Bodegas Fight Back Against ’15-Minute’ Delivery Apps with Help from CM Marte
While chain stores and rising rents are usually what forces out mom-n-pop shops like bodegas, a new threat has suddenly emerged.
As previously reported, grocers promising fifteen-minute home delivery for their app customers are turning storefronts into mini-warehouses stocked with goods that an algorithm predicts locals will want.
“Dark stores” or “ghost stores,” as they have come to be known, are now proliferating in immigrant, working class neighborhoods to such an extreme, that bodega owners are starting to push back. And they’re asking local electeds for help.
Yesterday, the Save Mom-and-Pop Business Coalition, representing small grocers in all five boroughs, staged a rally outside Stop 1 Deli, doing business on Rivington Street since 1982, and directly across from such a threat.
GoPuff has darkened the storefront of the new, Streit’s-replacing condo development with garish junk food advertising along with its slogan “Get All Your Stuff From GoPuff” in the window signage that blocks the view of what’s behind the storefront windows.
Newly elected Councilmember Chris Marte joined with other elected officials invited to the rally on Sunday and said “darkened storefronts don’t build community, and don’t help small business grow.”
The issue of saving small business hits home for Marte. Not just because he grew up on Rivington Street, but also because his father owned and operated a bodega that succumbed to rising rents brought on by gentrification.
In keeping true to his roots as a community activist (as well as his campaign promises), Marte spoke at the rally vowing to close zoning loopholes that allow darkened storefronts to exist in the first place. The new councilman, along with the coalition of small business owners, also believe that darkened storefronts stifle competition and impede new small businesses from gaining a foothold in the local economy. This, largely because storefronts occupied by this new business model are often backed by venture capital and hedge fund imoney.
Comptroller Brad Lander who recently joined both Marte and Mayor Eric Admas for a presser on small business at Pearl River Mart in Soho said, “We can’t allow bodegas to be displaced by fifteen-minute delivery warehouses that undermine diverse local entrepreneurship, weaken neighborhood ties, put workers and pedestrians at risk while turning their back on our communities.”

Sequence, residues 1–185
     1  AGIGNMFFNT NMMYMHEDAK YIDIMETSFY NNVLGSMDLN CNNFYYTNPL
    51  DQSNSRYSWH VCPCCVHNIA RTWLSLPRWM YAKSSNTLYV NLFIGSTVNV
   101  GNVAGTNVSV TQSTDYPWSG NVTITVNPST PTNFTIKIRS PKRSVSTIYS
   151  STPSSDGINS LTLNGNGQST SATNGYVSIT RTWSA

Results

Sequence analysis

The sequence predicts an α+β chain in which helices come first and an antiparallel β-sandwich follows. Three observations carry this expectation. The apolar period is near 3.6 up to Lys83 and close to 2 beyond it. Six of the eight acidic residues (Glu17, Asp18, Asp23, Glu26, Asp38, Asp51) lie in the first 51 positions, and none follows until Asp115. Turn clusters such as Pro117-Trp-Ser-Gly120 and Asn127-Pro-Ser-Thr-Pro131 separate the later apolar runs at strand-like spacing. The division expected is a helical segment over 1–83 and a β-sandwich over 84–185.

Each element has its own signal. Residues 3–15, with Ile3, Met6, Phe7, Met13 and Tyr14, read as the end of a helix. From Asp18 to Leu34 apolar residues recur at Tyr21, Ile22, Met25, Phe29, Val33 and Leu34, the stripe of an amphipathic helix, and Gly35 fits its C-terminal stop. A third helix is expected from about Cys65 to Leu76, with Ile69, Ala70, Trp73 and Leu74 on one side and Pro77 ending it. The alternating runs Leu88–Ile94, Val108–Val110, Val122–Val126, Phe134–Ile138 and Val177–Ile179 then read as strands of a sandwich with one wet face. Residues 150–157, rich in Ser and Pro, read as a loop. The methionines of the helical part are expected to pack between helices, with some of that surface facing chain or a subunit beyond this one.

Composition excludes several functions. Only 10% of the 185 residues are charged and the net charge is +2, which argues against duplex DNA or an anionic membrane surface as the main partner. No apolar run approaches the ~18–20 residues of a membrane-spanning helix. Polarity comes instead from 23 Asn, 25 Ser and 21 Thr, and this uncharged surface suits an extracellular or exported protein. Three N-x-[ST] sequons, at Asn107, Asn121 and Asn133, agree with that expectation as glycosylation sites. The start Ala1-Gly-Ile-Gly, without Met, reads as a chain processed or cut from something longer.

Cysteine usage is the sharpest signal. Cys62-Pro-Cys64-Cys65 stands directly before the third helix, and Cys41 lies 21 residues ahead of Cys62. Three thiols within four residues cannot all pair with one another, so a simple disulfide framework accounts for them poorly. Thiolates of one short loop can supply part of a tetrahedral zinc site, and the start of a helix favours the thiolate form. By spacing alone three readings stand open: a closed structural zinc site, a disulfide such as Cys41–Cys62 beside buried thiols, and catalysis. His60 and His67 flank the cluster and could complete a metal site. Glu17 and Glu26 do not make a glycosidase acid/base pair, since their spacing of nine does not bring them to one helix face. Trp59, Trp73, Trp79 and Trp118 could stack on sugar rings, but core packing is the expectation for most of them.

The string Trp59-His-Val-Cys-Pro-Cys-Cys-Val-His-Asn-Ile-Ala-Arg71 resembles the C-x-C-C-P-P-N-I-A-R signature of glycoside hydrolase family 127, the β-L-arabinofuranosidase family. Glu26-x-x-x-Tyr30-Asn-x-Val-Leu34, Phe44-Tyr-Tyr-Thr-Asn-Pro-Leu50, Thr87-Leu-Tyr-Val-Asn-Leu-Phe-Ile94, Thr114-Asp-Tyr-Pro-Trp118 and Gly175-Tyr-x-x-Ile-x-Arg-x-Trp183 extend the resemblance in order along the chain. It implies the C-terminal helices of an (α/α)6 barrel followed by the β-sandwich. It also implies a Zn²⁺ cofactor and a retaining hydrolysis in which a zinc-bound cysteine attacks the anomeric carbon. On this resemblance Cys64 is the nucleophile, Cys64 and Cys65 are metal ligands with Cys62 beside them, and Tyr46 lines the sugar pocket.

Indeed, safety has been another complaint from residents as messengers routinely exit the Gopuff storefront riding their near silent electric bikes down the sidewalk, a practice that is far more dangerous that one might suspect.
Just around the corner from Gopuff, Fridge No More, another fifteen-minute delivery service has occupied the newly renovated storefront at 103 Norfolk. And Gorilla has transformed two Lower East Side stores into warehouses, one on Grand Street and the other adjacent to Trader Joe’s on East 14th Street.
Gopuff and its ilk have been servicing the needs of app customers who want a safe, “non-contact” delivery of goods and foods during the pandemic. But whether it’s isolation, simple laziness, or the need for Pringles at 1am, the lobbyists representing bodegas reminded electeds that they were the ones there staying open as essential workers when the covid pandemic first hit, and have continued to struggle to stay open since.
While this new coalition lobbying for bodegas and small grocers are not opposed to third-party delivery apps, they are seeking aid from elected officials to stop the unfair, and perhaps even illegal, practices of dark stores that could be skirting current zoning regulations.
The regulation of retail storefronts has been on the forefront of many rezonings by the previous de Blasio administration, including the most recent Soho/Noho Rezoning. which favored deregulation of storefront usage under an overly broad idea of “mixed-use.”
While at that press engagement for small business at Pearl River Mart, Mayor Eric Adams made a direct plea to office workers to understand that they are part of the “ecosystem of this city.”
But it remains unclear whether the full return of workers commuting to the office, instead of working remotely, will be enough to sustain a return to the traditional pre-COVID service economy. The current economic ecosystem of the city is evolving into a virtual retail landscape, regardless of how many workers return to the office.